The Sawatch Range, in central Colorado, contains the highest mountains in the Rockies. The range tops out at 14,440' Mount Elbert. It contains 15 fourteeners and more than 300 peaks above 12,000' elevation. About one third of Colorado's 100 highest ("centennial") peaks lie in the Sawatch. The Sawatch Range covers a lot of ground north to south, measuring 100 miles long. A long and high portion of the North American Continental Divide winds through the Sawatch. However, all but one of the Sawatch fourteeners lie east of the Divide
"Sawatch" comes from the Ute word meaning "blue-green color," or "waters of the blue earth," a descriptive term for this "sea" of mountains.
There is not a great deal to attract rock climbers to the Sawatch. But for those who seek exhilarating hikes to summits above timberline, the Sawatch Range has no equal. This range is known for bulky mountains -- steep approaches and relatively gentle climbs above timberline. You can reach the majority of Sawatch summits with a class 2 talus climb.
The Sawatch is not a complete loss for technical climbers, however. There have been some big climbs on the Mount of the Holy Cross, the Ellingwood Ridge of La Plata, the north face of Truro Peak, and on 13,951' Ice Mountain, which is steep on all sides. The Refrigerator Couloir, on Ice Mountain's north face, is one of the toughest mountaineering routes in the Sawatch. It is considered by some to be the most dangerous route in the state. The 1000' north wall of Truro Peak was not climbed until 1970.
U.S. Highway 24/285 parallels the Sawatch Range on the east, from I-70 near Vail, all the way down to the town of Saguache (alternate spelling of Sawatch) in the San Luis Valley. Two paved roads cross the Sawatch Range. They are State Highway 82 (Independence Pass) and U.S. Highway 50 (Monarch Pass). Access to Sawatch trailheads is generally possible by road, thanks in part to the extensive mining activity that took place a hundred years ago.
The Sawatch Range is conveniently divided into three regions, Northern, Central, and Southern.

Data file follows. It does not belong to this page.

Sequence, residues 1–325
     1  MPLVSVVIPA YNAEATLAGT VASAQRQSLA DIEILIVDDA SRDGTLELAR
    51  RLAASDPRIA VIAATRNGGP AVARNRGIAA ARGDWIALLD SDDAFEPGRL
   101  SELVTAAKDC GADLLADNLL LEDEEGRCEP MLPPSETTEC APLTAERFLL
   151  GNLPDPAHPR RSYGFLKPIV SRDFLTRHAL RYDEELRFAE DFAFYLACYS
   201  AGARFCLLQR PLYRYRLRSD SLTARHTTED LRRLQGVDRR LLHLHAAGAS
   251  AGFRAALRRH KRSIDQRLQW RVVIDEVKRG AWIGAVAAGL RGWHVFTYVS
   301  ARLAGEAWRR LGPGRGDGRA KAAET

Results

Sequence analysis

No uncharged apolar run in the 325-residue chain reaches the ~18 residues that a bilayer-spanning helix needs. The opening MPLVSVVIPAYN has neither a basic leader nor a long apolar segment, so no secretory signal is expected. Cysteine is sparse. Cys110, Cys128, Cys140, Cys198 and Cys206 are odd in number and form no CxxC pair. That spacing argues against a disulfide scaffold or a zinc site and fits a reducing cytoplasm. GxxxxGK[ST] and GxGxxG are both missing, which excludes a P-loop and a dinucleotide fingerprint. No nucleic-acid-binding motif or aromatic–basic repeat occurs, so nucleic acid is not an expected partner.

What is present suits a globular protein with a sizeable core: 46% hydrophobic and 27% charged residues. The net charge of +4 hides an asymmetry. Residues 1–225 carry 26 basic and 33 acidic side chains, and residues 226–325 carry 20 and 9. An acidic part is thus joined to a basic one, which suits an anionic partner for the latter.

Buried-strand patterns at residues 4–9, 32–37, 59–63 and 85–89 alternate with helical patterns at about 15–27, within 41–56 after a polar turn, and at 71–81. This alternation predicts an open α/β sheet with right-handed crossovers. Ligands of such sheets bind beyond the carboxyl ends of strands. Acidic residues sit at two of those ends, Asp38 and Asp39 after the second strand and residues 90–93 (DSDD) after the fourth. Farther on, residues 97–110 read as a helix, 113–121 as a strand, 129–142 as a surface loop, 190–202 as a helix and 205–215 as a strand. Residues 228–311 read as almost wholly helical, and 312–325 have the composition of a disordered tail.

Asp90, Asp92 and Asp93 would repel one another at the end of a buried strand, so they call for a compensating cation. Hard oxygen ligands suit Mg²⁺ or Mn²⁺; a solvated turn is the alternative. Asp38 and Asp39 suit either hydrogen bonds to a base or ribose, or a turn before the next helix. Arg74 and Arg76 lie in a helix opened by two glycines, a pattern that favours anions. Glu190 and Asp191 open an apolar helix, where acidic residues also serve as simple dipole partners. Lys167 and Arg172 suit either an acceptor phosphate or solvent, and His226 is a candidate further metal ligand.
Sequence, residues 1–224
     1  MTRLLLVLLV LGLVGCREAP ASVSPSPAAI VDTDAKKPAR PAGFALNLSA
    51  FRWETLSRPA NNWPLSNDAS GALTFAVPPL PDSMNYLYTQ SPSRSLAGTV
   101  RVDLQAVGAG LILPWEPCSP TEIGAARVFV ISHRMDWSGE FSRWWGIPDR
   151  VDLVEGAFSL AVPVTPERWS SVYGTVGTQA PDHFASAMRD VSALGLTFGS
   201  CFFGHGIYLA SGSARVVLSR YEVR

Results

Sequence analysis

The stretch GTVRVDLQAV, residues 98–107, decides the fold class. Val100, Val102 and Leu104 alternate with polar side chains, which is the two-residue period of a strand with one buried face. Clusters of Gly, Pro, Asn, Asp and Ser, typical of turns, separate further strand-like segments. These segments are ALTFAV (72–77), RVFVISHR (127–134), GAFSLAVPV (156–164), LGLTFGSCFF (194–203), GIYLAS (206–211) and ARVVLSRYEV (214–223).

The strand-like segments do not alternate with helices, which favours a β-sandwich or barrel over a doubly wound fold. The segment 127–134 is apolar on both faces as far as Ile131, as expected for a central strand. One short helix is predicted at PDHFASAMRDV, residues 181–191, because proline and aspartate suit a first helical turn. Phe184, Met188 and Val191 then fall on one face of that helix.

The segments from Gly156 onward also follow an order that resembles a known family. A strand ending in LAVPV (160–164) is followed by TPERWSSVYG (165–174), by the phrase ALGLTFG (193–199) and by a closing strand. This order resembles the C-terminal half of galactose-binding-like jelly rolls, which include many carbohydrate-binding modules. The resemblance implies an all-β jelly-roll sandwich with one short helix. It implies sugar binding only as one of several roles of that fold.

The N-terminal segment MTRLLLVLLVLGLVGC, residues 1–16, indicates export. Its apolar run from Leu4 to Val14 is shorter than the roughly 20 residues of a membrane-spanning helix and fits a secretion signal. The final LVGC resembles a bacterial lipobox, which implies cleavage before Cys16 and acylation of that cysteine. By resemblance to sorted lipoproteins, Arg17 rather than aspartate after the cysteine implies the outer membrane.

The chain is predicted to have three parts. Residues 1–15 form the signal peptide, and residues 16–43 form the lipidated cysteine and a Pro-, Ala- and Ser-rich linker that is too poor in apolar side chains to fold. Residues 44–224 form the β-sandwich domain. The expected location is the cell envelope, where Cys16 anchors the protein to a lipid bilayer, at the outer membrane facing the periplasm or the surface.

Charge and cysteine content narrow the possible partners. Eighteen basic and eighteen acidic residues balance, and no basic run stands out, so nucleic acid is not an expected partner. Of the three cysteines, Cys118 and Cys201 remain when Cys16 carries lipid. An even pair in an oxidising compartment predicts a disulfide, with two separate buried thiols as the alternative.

Although it is bordered by Interstate 70, and is only 100 miles from downtown Denver, the Northern Sawatch is probably the least well known part of this Range. It is the smallest part also, containing only 16 named summits over 12,000'. Only one mountain reaches to 14,000 feet above sea level. That one mountain, however, is very well known, the famous Mount of the Holy Cross. This mountain is the undisputed centerpiece of the Holy Cross Wilderness, part of the White River National Forest. It receives many visitors annually.
In 1873, a government survey party, which included the famous photographer, William H. Jackson, split into two groups, one to climb and one to photograph the Mount of the Holy Cross. The signature snow formation of this peak was already well known in the territory by this time. Both the climbing group and the photography group were successful. Mr. Jackson's photographs to this day show the clearest cross image ever photographed. Some accuse him of doctoring the photographs to embellish the peak's reputation. Embellished or not, the photographs drew countless thousands of visitors and pilgrims to this area in the years that followed. The level of interest has not diminished to this day. 164 miles of wilderness trails accommodate these visitors, many of whom come only to photograph or to climb Mount of the Holy Cross. Visit rockymountainscenery.com for a 360-degree panorama from the Holy Cross summit.
The Holy Cross Wilderness is a "water wilderness." It is dotted with innumerable pools and cascades. It receives a lot of moisture, and its streams overflow when the snow melts in spring. In Colorado, that much water provokes bitter competition among environmentalists, municipalities, and farmers. The Holy Cross Wilderness has been the subject of ugly legal battles over water.
You might think that the Mount of the Holy Cross is the only summit of interest here. Not so. Other prominent summits in the Holy Cross Wilderness include Mount Jackson, Gold Dust Peak, Grouse Mountain, and Whitney Peak.
Also see Northern Sawatch Range.